According to researchers, direct stochastic optical reconstruction microscopy (dSTORM) is much more sensitive than flow cytometry for detecting antigen levels on myeloma cells. This more sensitive method of measurement could help researchers identify potential candidates who could be eligible for treatment with chimeric antigen receptor (CAR) T-cell (CAR-T) therapies, and may also inform researchers about which low-level antigens may be important targets for the design of future adoptive cell therapies. The findings from this study were published in Nature Communications.
Flow cytometry is commonly used in clinical practice to quantify tumor-specific antigen levels as a means of determining patient eligibility for specific CAR-T therapies. Nevertheless, the lower limits of antigen detection using flow cytometry have previously been estimated at a few thousand molecules per cell.
In this study, conducted following reports of responses to CD19-directed CAR-T therapy in patients with multiple myeloma, the CD19 expression profiles of myeloma cells in bone marrow biopsy specimens from 14 patients with histopathologic confirmation of multiple myeloma were evaluated using both flow cytometry and dSTORM. In addition, in vitro experiments were performed to determine the effects of CD19-directed CAR-T therapies on these specimens.
While myeloma cells in specimens from 2 patients were identified as CD19-positive by flow cytometry, dSTORM detected CD19 in 10 out of the 14 myeloma specimens.
Furthermore, in the 2 specimens determined to be CD19-positive by both flow cytometry and dSTORM, the percentages of CD19-positive cells detected by the latter method were substantially higher (eg, 30.4% vs 68% in 1 of the specimens, and 4.9% vs 32% in the other). In addition, a range of CD19 expression was observed in myeloma cells, with average numbers of CD19 molecules of approximately 2240 and 730 on myeloma cells classified as having high and low CD19 expression, respectively. In short, dSTORM detected CD19 expression in patients who were deemed CD19-negative using flow cytometry.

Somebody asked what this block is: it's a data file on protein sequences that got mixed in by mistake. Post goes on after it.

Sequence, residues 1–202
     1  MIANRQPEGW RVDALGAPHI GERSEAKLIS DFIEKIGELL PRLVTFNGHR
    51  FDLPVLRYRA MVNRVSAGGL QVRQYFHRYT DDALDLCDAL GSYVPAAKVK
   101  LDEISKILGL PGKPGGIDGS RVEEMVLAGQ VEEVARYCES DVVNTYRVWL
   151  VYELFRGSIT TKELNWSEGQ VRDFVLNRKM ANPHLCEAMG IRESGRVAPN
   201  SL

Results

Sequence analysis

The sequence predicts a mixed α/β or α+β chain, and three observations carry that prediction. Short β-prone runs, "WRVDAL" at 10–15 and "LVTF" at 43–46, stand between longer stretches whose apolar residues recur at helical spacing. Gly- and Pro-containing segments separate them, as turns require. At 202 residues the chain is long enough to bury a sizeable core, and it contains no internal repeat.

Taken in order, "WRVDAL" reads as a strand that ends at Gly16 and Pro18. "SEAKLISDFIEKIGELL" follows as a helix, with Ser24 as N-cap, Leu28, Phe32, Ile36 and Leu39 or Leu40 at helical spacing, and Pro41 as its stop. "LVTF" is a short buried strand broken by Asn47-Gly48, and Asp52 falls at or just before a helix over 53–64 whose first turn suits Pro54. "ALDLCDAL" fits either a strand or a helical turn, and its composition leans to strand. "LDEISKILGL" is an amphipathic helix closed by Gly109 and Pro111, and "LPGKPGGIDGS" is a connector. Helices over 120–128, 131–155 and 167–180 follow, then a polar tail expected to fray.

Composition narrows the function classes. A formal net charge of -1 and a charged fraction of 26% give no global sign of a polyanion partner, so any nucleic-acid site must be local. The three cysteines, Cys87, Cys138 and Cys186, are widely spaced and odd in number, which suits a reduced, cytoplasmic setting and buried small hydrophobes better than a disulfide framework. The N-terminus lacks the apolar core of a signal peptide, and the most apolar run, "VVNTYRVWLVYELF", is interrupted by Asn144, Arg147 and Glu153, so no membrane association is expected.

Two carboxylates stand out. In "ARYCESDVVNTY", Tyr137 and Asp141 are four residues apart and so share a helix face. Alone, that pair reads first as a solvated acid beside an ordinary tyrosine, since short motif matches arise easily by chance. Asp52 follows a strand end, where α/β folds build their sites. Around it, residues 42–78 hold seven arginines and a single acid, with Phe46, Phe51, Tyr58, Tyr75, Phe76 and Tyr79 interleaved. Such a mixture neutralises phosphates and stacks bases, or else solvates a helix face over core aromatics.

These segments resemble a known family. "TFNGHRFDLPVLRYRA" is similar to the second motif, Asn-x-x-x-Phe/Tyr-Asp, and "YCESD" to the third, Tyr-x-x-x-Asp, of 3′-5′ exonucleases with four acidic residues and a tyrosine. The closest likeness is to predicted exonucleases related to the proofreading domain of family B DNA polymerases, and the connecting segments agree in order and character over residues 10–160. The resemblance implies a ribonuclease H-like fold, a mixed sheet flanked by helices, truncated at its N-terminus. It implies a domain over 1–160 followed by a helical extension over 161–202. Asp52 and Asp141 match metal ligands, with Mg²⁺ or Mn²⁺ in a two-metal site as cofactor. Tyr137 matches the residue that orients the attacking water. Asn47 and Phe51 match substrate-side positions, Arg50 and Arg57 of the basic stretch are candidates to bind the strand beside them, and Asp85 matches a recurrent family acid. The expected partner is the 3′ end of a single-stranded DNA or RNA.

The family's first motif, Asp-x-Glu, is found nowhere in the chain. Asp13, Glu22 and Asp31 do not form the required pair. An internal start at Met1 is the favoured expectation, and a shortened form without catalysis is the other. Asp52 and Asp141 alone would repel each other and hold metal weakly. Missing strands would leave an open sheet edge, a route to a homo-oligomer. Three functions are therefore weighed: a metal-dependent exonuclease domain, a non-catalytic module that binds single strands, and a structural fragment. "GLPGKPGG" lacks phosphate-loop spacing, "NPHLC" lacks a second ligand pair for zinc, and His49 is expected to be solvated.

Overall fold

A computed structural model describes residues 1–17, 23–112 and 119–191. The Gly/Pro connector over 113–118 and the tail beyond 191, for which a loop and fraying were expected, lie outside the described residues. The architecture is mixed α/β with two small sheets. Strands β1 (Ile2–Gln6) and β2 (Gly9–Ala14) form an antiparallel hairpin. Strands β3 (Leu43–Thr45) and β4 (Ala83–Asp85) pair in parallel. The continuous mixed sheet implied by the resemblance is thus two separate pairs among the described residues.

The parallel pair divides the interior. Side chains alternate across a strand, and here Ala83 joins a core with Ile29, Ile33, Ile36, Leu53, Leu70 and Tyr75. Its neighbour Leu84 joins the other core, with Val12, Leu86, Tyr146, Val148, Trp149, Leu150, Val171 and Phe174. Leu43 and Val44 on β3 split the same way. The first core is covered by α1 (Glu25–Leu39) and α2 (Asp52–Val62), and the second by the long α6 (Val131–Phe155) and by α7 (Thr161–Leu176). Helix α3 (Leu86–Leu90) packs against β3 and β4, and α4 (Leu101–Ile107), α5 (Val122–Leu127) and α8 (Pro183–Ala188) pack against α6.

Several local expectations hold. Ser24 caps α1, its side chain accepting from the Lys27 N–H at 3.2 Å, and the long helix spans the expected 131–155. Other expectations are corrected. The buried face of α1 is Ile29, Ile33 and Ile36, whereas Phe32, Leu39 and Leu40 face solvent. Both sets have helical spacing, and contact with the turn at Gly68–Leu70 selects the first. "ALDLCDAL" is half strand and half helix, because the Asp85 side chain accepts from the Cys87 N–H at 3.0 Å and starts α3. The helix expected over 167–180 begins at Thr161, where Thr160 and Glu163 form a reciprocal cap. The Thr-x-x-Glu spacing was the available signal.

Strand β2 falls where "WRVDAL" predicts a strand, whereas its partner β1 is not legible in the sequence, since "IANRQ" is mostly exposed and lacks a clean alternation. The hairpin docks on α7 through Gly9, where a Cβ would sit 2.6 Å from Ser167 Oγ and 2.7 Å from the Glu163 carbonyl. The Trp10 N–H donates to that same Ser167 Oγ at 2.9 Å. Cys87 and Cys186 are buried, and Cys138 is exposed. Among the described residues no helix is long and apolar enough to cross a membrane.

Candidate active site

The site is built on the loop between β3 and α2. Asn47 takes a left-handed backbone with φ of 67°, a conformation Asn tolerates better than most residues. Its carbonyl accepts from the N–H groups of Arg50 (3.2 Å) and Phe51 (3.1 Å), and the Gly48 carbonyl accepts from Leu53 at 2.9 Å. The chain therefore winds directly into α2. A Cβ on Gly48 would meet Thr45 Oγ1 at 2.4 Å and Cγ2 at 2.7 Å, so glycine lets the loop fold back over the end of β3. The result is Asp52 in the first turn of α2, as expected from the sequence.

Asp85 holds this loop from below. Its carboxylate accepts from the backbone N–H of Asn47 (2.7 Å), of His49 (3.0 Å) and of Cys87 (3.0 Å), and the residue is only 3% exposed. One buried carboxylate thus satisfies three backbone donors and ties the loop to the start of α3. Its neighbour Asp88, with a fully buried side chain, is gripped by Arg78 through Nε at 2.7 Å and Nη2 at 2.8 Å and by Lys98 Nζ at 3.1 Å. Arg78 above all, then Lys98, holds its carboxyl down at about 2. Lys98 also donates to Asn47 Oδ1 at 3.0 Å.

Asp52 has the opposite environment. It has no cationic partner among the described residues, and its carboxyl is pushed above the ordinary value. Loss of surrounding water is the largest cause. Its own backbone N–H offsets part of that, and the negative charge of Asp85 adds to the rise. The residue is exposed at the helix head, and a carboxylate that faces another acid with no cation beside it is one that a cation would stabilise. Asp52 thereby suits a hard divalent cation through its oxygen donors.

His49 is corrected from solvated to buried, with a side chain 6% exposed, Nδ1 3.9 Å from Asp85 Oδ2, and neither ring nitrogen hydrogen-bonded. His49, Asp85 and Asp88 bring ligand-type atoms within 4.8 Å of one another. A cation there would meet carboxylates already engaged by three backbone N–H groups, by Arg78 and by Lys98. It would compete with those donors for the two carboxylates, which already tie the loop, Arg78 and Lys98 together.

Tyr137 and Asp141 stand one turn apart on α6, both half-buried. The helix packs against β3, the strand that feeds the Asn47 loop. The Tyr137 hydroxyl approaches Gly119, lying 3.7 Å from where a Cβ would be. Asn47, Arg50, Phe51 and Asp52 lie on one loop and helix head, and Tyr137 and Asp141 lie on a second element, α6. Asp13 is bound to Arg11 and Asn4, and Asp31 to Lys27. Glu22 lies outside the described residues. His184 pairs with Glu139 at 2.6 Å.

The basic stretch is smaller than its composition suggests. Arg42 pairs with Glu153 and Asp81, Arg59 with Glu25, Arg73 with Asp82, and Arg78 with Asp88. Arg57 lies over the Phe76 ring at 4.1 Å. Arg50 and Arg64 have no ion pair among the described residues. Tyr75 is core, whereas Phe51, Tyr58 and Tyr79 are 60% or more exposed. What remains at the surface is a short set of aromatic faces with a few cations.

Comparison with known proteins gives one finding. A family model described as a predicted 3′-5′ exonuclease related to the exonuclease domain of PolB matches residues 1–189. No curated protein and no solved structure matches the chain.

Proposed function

“Taken together, our data show that CD19 is expressed at low and ultra-low levels on a substantial proportion of myeloma cells in patients that are falsely classified as being
CD19-negative by flow cytometry,” the study authors commented.
In in vitro experiments, dSTORM showed that CD19 CAR-T therapy eliminated all CD19-positive myeloma cells, including those determined to express fewer than 100 molecules of CD19.
Nevertheless, the study authors noted that all 10 of the bone marrow biopsy specimens determined to be CD19-positive contained at least a fraction of CD19-negative myeloma cells. Hence, CD19 CAR-T therapy is unlikely to be associated with complete remission in patients with multiple myeloma unless coadministered with therapy targeting those other cells.
In commenting on the clinical applications of dSTORM, the study authors proposed that dSTORM, a “very time- and labor-intensive” technique, be used to complement, not replace, currently used methods of antigen detection on cells, such as flow cytometry and immunohistochemistry.
“These insights are relevant not only for CD19 CAR-T in myeloma, but also for CAR-T approaches targeting alternative antigens in other hematologic and solid tumor malignancies,” they concluded. “Indeed, we show CD20 expression on myeloma cells by dSTORM and recognition of myeloma cells that express CD20 at low density by CD20 CAR-T.”